How to compute initially unknown reward values makes up one of the key problems in reinforcement learning theory, with two basic approaches being used. Model-free algorithms rely on the accumulation of substantial amounts of experience to compute the value of actions, whereas in model-based learning, the agent seeks to learn the generative process for outcomes fromwhich the value of actions can be predicted. Here we show that (i) "probability matching" - a consistent example of suboptimal choice behavior seen in humans -occurs in an optimal Bayesian model-based learner using a max decision rule that is initialized with ecologically plausible, but incorrect beliefs about the generative process for outcomes and (ii) human behavior can be strongly and predictably altered by the presence of cues suggestive of various generative processes, despite statistically identical outcome generation. These results suggest human decision making is rational and model based and not consistent with model-free learning.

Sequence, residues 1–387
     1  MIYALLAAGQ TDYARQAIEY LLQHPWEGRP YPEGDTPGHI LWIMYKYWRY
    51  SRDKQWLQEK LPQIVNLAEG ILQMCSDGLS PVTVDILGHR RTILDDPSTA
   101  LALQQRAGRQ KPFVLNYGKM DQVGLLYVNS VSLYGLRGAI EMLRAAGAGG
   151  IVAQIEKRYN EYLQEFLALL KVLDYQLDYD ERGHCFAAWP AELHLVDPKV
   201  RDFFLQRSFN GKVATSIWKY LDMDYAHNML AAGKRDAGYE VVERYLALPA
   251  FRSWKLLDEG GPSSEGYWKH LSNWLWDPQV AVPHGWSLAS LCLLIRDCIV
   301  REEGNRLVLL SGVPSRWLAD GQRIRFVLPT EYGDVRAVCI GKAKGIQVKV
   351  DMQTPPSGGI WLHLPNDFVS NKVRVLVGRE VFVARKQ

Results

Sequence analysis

|Original language||English (US)|
|Number of pages||6|
|Journal||Proceedings of the National Academy of Sciences of the United States of America|
|State||Published - Sep 14 2010|
- Decision making
- Probability matching
- Reinforcement learning